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Possible Permanent profound deafness after labyrinthitis(5 Posts)
After an MRI and a number of hearing teats, an ENT consultant has advised that I am suffering profound deafness in my affected ear.
I am taking a weeks worth of strong steroids this week, if this does not work my ears will be injected the following week. If this does not work I will be most probably profoundly deaf in my effected ear. We have to talk about what will happen at that stage but he has advised that a normal hearing aid would not work. There is about a 50 percent success rate.
Have been feeling very panicky when i am around more than 3/4 people as the sound becomes very muffled even when people are talking directly at me. I do a job where I a spend much of my time in committee meetings and negotiating in large meetings so have no idea who this might work. Im trying not to think too far ahead but as a single parent im worried about the smoke alarm going off in the middle of the night at not hearing it!
Has anyone suffered this previously at all?
I'm bumping this for you too. I hope someone comes along who has knowledge of this but meantime hopefully the treatments they are initially suggesting would help. Could you stay off work till it settles down?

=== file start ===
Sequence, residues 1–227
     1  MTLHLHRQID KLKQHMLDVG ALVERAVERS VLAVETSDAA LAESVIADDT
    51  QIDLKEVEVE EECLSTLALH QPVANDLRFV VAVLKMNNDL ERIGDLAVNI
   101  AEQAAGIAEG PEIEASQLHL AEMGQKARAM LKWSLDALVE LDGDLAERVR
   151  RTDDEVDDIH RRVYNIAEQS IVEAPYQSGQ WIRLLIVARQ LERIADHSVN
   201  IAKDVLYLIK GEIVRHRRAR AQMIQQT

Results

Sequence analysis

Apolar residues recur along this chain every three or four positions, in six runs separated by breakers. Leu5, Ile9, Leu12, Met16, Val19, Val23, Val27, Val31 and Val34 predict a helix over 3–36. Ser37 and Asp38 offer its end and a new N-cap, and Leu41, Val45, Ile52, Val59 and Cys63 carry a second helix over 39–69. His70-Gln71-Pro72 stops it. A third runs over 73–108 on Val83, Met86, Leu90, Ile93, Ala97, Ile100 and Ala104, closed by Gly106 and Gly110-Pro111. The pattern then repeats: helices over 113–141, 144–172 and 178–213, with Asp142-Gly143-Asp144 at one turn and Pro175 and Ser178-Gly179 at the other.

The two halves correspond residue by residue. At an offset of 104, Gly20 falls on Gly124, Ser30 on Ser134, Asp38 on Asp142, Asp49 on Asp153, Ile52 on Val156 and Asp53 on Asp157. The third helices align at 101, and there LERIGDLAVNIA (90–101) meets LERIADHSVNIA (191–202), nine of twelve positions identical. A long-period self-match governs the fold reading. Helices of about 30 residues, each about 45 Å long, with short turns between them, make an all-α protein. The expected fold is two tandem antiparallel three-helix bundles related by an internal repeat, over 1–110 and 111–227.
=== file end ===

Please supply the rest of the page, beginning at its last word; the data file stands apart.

Hi , sorry I didn’t see this sooner.
I am profoundly deaf due to this . I now have two hearing aids and they work enough for me to get on day to day life , manage to use the phone at work as they have put adjustments on to connect to the hearing aids .
Without them I can’t hear anything other than muffled sounds , so DH has said when our baby is born in August we will get a bed sensor for me to be able to wake up if baby cries if DH is not here (he does on calls for emergencies at the hospital). I was told the hearing aids wouldn’t likely work but they’ve changed my life . Don’t get me wrong it’s not like normal hearing , it’s robotic but it’s better than nothing . I also sign BSL fluently which has helped .
I hope the treatment works for you though x
I haven’t had labyrinthitis, but wanted to chip in to reassure you about work. I’m profoundly deaf in both ears and have a professional role that also involves a lot of committee work and roundtable negotiations. There’s a huge range of gadgets to use and practical things you can do that will be enormously helpful for managing various work situations. Supportive colleagues are a great help too!
Just to give you a couple of examples – there’s flashing lights for fire alarms and doorbells, and for meetings, there are a range of devices that work with hearing aids and cochlear implants (if hearing aids are not an option, you might be eligible for an implant on the affected side?). I also tell people about my deafness and explain that I’ll need to be able to choose a seat that works for me, even when going to meetings with partner organisations overseas, and so far it has worked out well.
To begin with, I’d wait until things have settled down and you know the outcome of the steroid treatment, etc. Once you have a definite diagnosis and your hearing has stabilised at its new normal, you’ll be able to borrow equipment from social services to try out, and the Access to Work scheme should allow you to buy any equipment you need to work effectively.You might also like to try lipreading classes – if you have some hearing in your other ear, lipreading will help you in noisy environments too.